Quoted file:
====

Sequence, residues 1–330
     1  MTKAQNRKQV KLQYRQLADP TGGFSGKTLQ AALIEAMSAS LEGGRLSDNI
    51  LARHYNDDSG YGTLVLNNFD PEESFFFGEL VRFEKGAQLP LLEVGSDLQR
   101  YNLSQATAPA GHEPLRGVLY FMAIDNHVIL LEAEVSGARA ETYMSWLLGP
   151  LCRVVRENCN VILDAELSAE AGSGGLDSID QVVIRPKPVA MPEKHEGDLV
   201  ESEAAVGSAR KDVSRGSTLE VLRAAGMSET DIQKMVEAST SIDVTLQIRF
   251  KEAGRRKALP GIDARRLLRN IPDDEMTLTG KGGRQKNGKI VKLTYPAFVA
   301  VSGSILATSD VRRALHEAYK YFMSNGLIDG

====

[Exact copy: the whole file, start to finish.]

Sequence, residues 1–330
     1  MTKAQNRKQV KLQYRQLADP TGGFSGKTLQ AALIEAMSAS LEGGRLSDNI
    51  LARHYNDDSG YGTLVLNNFD PEESFFFGEL VRFEKGAQLP LLEVGSDLQR
   101  YNLSQATAPA GHEPLRGVLY FMAIDNHVIL LEAEVSGARA ETYMSWLLGP
   151  LCRVVRENCN VILDAELSAE AGSGGLDSID QVVIRPKPVA MPEKHEGDLV
   201  ESEAAVGSAR KDVSRGSTLE VLRAAGMSET DIQKMVEAST SIDVTLQIRF
   251  KEAGRRKALP GIDARRLLRN IPDDEMTLTG KGGRQKNGKI VKLTYPAFVA
   301  VSGSILATSD VRRALHEAYK YFMSNGLIDG